Composite or component cables can be found sold from third parties online and should allow you to play your powerful handheld on your TV. I’ve still to try one out so leave us any comments if you’ve already tried them out!

Game Recommendations

I will leave here a few recommendations if you’re not familiar with the PSP library. I believe it had some excellent games that you should give a chance and try out. In no particular order I recommend the following games:

The 3rd Birthday (Parasite Eve)

Easily one of my favorite games on the console. It’s got lots of action, a good (though kind of confusing) story line and looks great on your PSP. It has a very unique combat system that relies on the player switching Aya’s soul between the various NPCs on the combat area providing you cover and different angles when battling enemies. The game is a blast and you should definitely try it out if given a chance.

Link: Find The 3rd Birthday (PSP) on eBay

Patapon Series

Original series of games that came out exclusively on the PSP. This is a rhythm game at its core, you need to rhythmically play short drum beats to command a small army of Patapons to battle. Any game’s really good in my opinion, but the one I enjoyed the most was the third one. They added heroes with different abilities and the gameplay feels deeper than the two previous games. Simple and great fun, easy to learn but a little bit difficult to master.

Link: Find Patapon (PSP) on eBay

Crisis Core: Final Fantasy VII

Another great game for the console. FFVII was a very iconic game in the FF series and this is the prelude to that game’s story. The combat system is very enjoyable and addictive, graphics looks and sounds great on the PSP and the story is very solid. Another one of my very favorites (I’m even considering replaying it all over after writing this!).

Link: Find Crisis Core: Final Fantasy VII (PSP) on eBay

Persona 3 Portable

Atlus brought many good games to the PSP and this is one of them. P3P was the first Persona game I ever played and it got me into the franchise immediately. Although the game first came out for the PS3 this is where I played it for the first time and it felt like an excellent adaptation from the home console version. Highly recommended if you enjoy RPG games. Persona 1 and 2 are available for the PSP as well so make sure you check them out too.

Link: Find Person 3 Portable (PSP) on eBay

Dissidia Duodecim: Final Fantasy

There were two FF fighting games for the PSP. Dissidia and Dissidia Duodecim. I played both games and have over 240 collective gameplay hours between both game save files. These were the games I played the most with my PSP. The combat system for this game is very unique and creative, again the game sounds and looks amazing for being a handheld and has loads of replay value. It’s got RPG and fighting elements in its gameplay, a story mode, arcade mode, Ad Hoc multiplayer, galleries and other game modes depending on which Dissidia you play. Duodecim is the second installment in the series and had more characters added to the roster along with a new game mode. It is worth mentioning too that although FF games have usually great stories behind them, these ones had very convoluted and complicated story lines behind them. These are a must for FF fans.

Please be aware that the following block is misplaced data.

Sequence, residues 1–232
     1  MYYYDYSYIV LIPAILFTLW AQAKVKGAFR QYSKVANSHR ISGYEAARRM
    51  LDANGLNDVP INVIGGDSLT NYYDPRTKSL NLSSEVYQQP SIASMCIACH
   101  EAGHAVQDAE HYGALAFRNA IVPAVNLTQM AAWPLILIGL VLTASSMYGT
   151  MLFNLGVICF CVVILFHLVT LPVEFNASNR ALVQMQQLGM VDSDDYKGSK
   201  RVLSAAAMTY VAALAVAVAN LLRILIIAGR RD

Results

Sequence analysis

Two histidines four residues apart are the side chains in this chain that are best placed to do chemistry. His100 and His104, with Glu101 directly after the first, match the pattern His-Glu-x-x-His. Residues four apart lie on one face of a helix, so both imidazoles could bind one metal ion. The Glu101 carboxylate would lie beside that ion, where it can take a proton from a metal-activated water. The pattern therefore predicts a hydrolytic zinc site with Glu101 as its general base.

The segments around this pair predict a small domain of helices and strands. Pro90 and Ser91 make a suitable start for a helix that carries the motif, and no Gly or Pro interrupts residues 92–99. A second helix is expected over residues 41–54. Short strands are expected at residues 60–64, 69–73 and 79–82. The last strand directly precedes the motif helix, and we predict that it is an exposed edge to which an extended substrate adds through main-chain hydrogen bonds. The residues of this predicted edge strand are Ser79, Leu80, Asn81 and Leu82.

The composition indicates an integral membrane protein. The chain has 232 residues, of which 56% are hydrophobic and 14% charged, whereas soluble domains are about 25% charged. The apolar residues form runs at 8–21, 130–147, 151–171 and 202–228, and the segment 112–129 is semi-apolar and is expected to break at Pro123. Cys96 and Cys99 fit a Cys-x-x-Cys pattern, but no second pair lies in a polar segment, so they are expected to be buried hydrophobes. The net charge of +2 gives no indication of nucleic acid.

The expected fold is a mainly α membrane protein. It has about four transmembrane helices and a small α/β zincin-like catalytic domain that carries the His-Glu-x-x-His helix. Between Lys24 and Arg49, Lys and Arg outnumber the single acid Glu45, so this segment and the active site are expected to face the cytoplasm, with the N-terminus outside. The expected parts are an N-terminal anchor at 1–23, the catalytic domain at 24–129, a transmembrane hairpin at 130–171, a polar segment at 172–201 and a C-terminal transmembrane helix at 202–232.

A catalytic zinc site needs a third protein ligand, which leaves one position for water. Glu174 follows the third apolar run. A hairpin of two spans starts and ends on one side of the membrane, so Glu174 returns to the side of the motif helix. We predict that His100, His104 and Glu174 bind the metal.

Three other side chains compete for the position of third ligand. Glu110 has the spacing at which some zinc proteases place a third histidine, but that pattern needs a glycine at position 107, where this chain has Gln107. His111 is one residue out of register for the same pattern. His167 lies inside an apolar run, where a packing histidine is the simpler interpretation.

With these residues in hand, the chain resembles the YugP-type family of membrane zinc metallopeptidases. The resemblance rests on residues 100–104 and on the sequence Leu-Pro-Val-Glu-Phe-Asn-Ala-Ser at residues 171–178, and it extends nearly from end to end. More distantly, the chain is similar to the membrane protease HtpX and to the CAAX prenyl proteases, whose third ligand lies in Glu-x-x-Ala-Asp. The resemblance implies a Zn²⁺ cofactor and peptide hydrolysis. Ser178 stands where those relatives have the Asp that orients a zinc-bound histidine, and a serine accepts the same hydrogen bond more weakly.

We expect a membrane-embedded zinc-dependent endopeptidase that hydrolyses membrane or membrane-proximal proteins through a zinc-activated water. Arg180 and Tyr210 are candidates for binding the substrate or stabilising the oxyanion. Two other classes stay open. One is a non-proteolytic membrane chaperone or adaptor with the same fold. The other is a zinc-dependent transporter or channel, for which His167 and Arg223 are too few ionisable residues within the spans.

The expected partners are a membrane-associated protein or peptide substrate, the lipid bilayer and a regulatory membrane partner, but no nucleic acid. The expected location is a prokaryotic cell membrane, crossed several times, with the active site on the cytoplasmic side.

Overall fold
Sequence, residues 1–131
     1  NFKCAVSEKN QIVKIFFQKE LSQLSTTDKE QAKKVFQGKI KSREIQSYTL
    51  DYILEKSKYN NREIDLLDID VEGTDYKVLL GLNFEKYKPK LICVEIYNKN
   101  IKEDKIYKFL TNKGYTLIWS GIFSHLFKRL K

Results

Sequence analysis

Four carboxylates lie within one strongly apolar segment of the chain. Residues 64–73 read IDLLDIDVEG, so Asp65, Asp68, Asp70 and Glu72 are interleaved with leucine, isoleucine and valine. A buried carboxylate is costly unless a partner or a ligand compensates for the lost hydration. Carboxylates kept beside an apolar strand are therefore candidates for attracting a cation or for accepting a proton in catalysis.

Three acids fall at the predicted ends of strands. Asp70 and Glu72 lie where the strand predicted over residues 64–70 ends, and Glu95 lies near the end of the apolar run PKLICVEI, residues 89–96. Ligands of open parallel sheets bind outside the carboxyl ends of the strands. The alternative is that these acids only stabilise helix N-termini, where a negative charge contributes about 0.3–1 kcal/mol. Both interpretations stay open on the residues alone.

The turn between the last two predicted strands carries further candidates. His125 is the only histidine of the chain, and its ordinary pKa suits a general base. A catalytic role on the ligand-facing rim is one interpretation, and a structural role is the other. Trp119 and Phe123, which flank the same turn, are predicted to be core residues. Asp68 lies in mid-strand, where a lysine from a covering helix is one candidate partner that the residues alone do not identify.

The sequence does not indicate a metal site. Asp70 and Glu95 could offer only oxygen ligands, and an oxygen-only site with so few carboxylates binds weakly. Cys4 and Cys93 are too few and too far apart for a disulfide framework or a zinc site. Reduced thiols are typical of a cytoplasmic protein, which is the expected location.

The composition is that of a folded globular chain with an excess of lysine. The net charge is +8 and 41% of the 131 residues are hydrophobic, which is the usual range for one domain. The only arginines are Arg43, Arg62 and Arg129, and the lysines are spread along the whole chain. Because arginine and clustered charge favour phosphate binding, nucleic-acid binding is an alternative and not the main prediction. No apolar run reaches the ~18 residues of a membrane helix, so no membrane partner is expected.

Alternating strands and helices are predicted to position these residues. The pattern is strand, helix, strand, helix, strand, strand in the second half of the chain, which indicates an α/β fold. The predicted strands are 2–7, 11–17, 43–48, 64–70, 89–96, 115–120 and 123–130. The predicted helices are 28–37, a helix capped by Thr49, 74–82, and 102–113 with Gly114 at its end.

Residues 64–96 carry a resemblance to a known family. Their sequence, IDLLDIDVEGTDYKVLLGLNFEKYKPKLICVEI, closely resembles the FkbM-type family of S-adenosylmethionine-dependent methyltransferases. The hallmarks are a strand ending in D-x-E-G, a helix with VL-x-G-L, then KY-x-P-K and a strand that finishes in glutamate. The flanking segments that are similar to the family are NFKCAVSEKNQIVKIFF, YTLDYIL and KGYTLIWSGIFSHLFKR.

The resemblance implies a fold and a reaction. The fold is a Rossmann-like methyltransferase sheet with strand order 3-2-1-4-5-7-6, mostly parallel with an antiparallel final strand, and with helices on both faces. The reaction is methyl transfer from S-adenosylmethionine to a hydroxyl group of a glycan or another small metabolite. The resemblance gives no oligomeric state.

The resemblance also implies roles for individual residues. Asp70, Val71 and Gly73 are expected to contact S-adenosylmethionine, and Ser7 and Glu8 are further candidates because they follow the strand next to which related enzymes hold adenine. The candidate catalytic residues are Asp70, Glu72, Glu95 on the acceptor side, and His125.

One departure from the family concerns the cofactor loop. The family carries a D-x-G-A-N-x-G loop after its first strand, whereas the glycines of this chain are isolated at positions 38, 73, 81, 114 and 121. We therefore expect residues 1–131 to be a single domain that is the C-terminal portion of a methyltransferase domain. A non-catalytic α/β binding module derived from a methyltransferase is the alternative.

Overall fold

Link: Find Dissidia (PSP) on eBay

Wipeout Pulse

Originally released for the PS2, this adaptation is a great racing option for the PSP. I've still got to beat it but it has been great fast-paced fun. This is one of the few games on the PSP that support online play and when I tried it back in the day it was released, it ran smoothly and without a problem.

Link: Find Wipeout Pulse (PSP) on eBay

Final Notes

Even though the PSP wasn’t as popular as the Nintendo DS, the amount of awesome games  you can find for this system is astonishing. I only covered a very few games I really enjoyed just to recommend a few options to the new PSP collector so if you already know the system and want to leave any recommendations please do so in the comments section below. I hope you find useful this little collecting guide for the console.

Last Updated ( 23 July 2016 )  

Jorge Lievano

Yet another retro enthusiast that has joined the evil corporation known as RetroCollect. You can find Jorge sitting in his multi-tasking chair doing evil stuff - like watching his cats fight to death, attempting to finish his ever growing game collection, pretending to be a writer and graphic design enthusiast, and every now and then actually working like all us boring adults usually do. Given how he just started a family, his son is now learning the way of the pixels, slowly but surely.

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+1 (Link to this comment) Jacobino 2016-07-23 19:13
You can still find these days PSPs in great state for no more than 30€, games are also cheap enough, including Rpgs (I got Valkyrie Profile for 9€ on ebay, Tales of Eternia for 15€ - the non-glitched version, Tactics Ogre for 7.5€, etc). Modding is also a great option if you want to spare the PSPs laser (just backup your save data every 15 days to avoid data corruption of the Mem Card).
I picked up mine after realizing trying to get some PS1 Rpgs would be too costly, so the PSP ports were a way to getting them for a fraction of the cost (you can save 90+€ on some games), and I haven't looked back ever since.

Just don't let the act of buying a Psp from a teenager (which is probably what will happen) embarass you, that way of thinking is outdated and you'll miss a great system. Buy it now before regretting it 5 years from now.
(Link to this comment) iglusega 2017-09-06 16:45
psp is great